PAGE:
Get variable from child error

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:bust_in_silhouette: Asked By Zombieakopaluetze

Hi there,

i have this simple scene structure, where I try to run a function from my parent, based on the input direction on the child and return the next possible cell position:


On the Karre (simple 2D-Sprite):

extends Sprite

func _ready():

func _process(delta):
	var direction = Vector2(0,0)	
	if Input.is_action_pressed("up"):
		direction += Vector2(0, -1)
	elif Input.is_action_pressed("down"):
		direction += Vector2(0, 1)
	if Input.is_action_pressed("left"):
		direction += Vector2(-1, 0)
	elif Input.is_action_pressed("right"):
		direction += Vector2(1, 0)	

And on the TileMap:

extends TileMap

var tile_size = get_cell_size()
var half_tile_size = tile_size/2
var grid_arr = []
var grid_size = Vector2(10,5)

func _ready():
	for x in grid_size.x:
		for y in grid_size.y:
func move_car(child_node):
	var grid_pos_ch = world_to_map(child_node.get_position())
	var debug = grid_pos_ch + child_node.direction
	var new_grid_pos_ch = map_to_world(debug) + half_tile_size
	return new_grid_pos_ch

This gives me the error:
Invalid get index ‘direction’ (on base: ‘Sprite (’)
and I dont understand it, shouldn’t it read the variable and return it in the function? I just can’t access the *.direction variable, always gives me errors.

var debug = child_node.direction
in my function on the parent doesn’t work. why?

What am I doing wrong or how is this supposed to work?


:bust_in_silhouette: Reply From: kidscancode

This is because of variable scope. Because you declare direction in the _process() function, it only exists in that function. If you want a property that can be accessed externally (and by all class functions), you need to declare it as a class variable outside the class functions:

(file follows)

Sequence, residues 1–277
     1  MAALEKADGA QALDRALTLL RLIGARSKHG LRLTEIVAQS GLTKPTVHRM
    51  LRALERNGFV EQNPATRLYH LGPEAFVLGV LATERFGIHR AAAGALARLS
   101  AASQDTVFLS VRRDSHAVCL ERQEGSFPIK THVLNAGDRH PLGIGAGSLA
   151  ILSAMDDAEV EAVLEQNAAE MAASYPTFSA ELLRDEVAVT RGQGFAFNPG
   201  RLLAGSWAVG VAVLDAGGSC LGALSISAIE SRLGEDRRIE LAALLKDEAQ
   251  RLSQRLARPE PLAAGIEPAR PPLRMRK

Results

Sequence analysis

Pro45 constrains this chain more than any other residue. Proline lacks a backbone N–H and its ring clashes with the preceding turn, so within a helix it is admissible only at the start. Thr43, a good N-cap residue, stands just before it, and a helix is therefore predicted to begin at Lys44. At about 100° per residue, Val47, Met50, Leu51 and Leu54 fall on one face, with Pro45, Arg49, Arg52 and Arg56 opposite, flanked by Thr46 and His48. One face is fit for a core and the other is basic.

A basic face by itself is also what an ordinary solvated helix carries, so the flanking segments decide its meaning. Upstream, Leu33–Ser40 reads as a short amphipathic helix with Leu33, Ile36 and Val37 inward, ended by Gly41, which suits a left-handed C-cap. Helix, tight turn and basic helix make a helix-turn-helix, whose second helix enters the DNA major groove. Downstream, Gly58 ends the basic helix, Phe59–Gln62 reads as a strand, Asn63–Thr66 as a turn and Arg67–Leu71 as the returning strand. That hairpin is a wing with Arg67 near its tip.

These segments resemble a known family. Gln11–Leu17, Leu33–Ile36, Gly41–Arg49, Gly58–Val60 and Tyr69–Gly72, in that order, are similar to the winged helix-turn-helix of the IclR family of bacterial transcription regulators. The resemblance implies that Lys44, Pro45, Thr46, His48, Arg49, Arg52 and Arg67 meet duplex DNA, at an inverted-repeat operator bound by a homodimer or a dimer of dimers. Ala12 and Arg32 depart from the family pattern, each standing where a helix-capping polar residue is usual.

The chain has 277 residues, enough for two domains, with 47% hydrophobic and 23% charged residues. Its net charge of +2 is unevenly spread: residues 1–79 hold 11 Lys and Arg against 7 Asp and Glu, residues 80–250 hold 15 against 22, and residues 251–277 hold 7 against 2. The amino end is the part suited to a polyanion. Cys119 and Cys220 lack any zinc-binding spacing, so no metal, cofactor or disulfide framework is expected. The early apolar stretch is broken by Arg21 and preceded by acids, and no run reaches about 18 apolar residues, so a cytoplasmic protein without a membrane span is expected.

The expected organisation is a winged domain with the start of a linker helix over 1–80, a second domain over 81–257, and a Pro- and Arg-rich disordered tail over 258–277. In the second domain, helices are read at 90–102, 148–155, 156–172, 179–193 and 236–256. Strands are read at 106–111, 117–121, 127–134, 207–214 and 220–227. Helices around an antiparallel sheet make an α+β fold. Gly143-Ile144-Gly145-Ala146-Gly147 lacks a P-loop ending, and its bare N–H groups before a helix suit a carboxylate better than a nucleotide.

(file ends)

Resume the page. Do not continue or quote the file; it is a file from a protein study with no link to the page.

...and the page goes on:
extends Sprite

var direction  # declare class variables here

func _process(delta):
    direction = Vector2(0,0) 

ah I see, thanks for the clarification. I did that and the new error is:
"Invalid operands ““Vector2” and “Nil” in operator “+”.”

So even when I run the function “move_car” in the “_process()” The function only gets access to the state of the variable in the global scope, right? Thats why it is “Nil” and not the actual value of the running game. Am I right?

What I did now, and what seems to work is:
The new “move_car”:

func move_car(child_node, dir):
	var grid_pos_ch = world_to_map(child_node.get_position())
	var new_grid_pos_ch = map_to_world(grid_pos_ch + dir) + half_tile_size
	return new_grid_pos_ch

In the “_process()” on the

set_position(get_parent().move_car(self, direction))

And so I pass the direction on every Frame to the function.

Zombieakopaluetze | 2018-08-30 07:12

No - ‘nil’ means the variable exists but has no value assigned. When you first declare it using var direction its value is null until it has been set. You can give it an initial value at declaration time.

kidscancode | 2018-08-30 15:44